Can banks permissibly serve marijuana-related businesses?
The Obama Administration decided as a matter of policy to permit state legalization of marijuana initiatives to proceed without federal intervention, except in extraordinary circumstances.
With respect to the banking of marijuana-related businesses (MRBs), this policy of deference to state legalization is reflected in two documents issued on February 14, 2014 – the Department of Justice’s Cole Memorandum [UPDATE: the Cole Memo was rescinded on January 4, 2018, but it had no effect on marijuana banking), and a corresponding FinCEN Memorandum.
The memos identify eight priority factors that will guide federal enforcement of anti-money laundering (AML) and Bank Secrecy Act (BSA) laws with respect to the banking cannabis businesses. These factors include preventing: the distribution of marijuana to minors; the sale of marijuana from going to criminal organizations and cartels; and the diversion of marijuana across state lines.
MRBs that avoid implicating any of the eight priority factors, and banks that service them, are effectively immune from federal enforcement of AML/BSA laws, so long as the DOJ and FinCEN memos remain in place. Taken together these memos constitute a roadmap for how to permissibly bank MRBs, and are an acknowledgment that the state marijuana legalization experiment cannot succeed without banks.
While banking MRBs remains prohibited by federal law, it is permitted by federal policy.
What sets Hypur apart?
Cash Intensive Businesses (CIBs) pose significant challenges for banks and credit unions with respect to AML/BSA compliance, which is why a number of banks are systematically cutting ties with these industries, a practice known as “de-risking.”
Hypur recognizes the societal harm associated with legitimate businesses being denied access to the banking system. We also recognize the opportunity for community and regional banks and credit unions to serve their communities by providing banking services to CIBs – if they had the tools to do it.
For financial institutions with the willingness and capability to serve CIBs, Hypur has technology tools to help them seize the opportunities created by de-risking.
Bridging the gap between regulatory requirements and profitably banking CIBs requires technology.
Traditional banking systems are not designed for financial institutions to service CIBs in the current regulatory environment. Hypur is unique among Fintech/Regtech companies because we are dedicated to servicing a specific market – CIBs.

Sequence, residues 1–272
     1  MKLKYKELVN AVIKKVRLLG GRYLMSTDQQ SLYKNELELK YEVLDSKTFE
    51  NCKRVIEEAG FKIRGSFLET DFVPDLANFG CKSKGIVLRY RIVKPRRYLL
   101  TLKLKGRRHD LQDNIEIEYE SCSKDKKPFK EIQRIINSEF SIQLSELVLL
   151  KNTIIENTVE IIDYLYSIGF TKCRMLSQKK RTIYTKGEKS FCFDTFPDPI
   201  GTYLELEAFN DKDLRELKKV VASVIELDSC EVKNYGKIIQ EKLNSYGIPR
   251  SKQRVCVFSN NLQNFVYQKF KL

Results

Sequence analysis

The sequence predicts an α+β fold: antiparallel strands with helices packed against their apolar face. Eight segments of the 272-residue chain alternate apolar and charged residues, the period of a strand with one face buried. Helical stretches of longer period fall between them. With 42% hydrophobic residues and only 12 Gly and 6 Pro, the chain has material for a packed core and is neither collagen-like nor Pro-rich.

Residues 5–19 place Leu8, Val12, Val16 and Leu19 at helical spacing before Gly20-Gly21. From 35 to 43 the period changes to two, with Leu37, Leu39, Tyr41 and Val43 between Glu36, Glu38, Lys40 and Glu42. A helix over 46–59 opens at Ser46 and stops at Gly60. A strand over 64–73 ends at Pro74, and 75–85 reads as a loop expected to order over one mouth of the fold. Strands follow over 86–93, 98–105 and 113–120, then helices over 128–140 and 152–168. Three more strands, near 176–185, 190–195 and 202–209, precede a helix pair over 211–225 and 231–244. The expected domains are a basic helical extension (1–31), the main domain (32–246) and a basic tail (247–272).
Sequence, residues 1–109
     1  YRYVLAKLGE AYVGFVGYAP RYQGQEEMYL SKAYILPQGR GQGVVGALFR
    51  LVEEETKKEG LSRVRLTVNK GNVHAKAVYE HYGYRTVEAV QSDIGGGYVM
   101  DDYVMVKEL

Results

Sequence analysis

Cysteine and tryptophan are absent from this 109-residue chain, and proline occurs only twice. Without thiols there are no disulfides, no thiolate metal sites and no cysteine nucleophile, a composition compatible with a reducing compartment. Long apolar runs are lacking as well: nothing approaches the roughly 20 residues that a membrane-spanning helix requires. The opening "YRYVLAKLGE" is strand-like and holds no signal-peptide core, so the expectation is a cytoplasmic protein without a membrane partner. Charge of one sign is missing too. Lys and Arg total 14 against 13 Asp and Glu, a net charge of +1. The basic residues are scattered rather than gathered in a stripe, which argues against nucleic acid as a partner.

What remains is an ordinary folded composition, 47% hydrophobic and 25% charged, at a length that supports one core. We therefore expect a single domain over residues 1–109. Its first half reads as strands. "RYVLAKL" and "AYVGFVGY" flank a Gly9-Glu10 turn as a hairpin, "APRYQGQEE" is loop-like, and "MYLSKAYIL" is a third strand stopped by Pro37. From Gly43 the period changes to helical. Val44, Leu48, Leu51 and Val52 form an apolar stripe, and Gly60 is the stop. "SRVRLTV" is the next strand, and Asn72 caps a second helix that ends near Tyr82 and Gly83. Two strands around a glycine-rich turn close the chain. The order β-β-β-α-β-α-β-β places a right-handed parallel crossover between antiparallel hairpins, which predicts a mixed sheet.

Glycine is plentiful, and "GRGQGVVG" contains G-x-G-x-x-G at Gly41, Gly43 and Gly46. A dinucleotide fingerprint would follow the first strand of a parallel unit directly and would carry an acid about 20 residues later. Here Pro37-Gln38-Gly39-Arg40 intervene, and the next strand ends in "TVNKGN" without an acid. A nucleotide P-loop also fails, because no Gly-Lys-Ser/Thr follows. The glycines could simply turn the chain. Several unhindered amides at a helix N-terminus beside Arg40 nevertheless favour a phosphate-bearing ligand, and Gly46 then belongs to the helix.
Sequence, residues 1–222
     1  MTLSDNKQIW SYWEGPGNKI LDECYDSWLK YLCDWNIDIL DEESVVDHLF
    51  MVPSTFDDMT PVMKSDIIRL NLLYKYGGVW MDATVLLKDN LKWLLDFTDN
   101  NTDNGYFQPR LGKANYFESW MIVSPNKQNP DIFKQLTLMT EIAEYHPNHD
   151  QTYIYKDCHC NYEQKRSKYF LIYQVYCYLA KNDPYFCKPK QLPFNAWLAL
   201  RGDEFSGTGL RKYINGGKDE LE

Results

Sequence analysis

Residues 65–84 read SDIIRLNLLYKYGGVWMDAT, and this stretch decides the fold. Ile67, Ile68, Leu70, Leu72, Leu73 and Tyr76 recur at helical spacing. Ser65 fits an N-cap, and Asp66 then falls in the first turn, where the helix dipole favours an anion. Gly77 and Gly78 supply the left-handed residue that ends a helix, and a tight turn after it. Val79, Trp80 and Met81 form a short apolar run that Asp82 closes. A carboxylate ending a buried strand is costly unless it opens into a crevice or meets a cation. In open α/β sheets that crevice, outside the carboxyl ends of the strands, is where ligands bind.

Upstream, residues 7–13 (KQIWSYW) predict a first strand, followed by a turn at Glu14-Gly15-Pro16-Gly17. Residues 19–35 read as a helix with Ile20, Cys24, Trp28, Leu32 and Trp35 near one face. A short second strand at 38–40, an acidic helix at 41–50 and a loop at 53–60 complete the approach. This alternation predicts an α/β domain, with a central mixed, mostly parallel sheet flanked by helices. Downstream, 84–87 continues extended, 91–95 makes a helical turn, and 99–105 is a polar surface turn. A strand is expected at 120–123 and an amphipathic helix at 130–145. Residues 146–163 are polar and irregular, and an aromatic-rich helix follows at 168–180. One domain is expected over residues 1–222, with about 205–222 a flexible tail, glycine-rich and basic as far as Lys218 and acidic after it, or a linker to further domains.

Hypur alleviates much of the time-consuming and error-prone manual processes in banking and managing CIBs. Hypur’s platform includes items such as granular transaction control, business intelligence information, automating initial and ongoing enhanced due diligence and document management, unusual activity detection, regulatory reporting, and real-time transaction monitoring.
With our focus on the unique needs of serving CIBs, Hypur is uniquely situated to address the challenges of banking MRBs. The key to satisfying federal requirements is transparency, and Hypur’s platform provides financial institutions with unprecedented levels of transparency into their MRB customers.
With Hypur, financial institutions can account for every dollar of marijuana-related revenue, ensuring that cash deposits align exactly with point-of-sale transactions.
Reducing the reliance on cash
Using Hypur’s technology, financial institutions can enable MRBs to secure payments for dispensaries. Hypur’s payment application can help transition the marijuana market from an antiquated cash-based model to an electronic account-to-account transfer model that is seamless, secure, and provides “know your customer’s customers” level transparency.
Hypur’s electronic payment product is also a significant revenue generator for financial institutions, which charge a fee for transactions conducted using Hypur’s platform.
A complete solution
While other vendors may provide a limited number of these features, Hypur’s platform is the only integrated, sole-source solution for servicing CIBs in general, and MRBs in particular.
The fact that state-legalized marijuana is still in its infancy represents a tremendous opportunity for Hypur to influence an entirely new market. Whereas other CIBs are having to adapt existing procedures to a challenging regulatory environment, MRBs and the banks and credit unions that serve them are effectively starting from scratch in establishing compliance standards and practices.
Hypur’s technology platform and the transparency it provides can transform the once stigmatized MRB market into the most transparent, and thus least risky, of all CIBs.
The bottom line is that under existing federal policy financial institutions can permissibly service MRBs in states where marijuana has been legalized and Hypur enables them to service MRBs in a way that minimizes risk and maximizes profit.